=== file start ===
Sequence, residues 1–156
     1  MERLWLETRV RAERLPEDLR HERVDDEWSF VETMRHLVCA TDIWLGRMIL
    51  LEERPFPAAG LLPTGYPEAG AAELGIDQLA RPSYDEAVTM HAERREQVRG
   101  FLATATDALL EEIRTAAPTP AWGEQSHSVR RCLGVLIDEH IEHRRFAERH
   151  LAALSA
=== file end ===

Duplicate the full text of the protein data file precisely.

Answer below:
Sequence, residues 1–156
     1  MERLWLETRV RAERLPEDLR HERVDDEWSF VETMRHLVCA TDIWLGRMIL
    51  LEERPFPAAG LLPTGYPEAG AAELGIDQLA RPSYDEAVTM HAERREQVRG
   101  FLATATDALL EEIRTAAPTP AWGEQSHSVR RCLGVLIDEH IEHRRFAERH
   151  LAALSA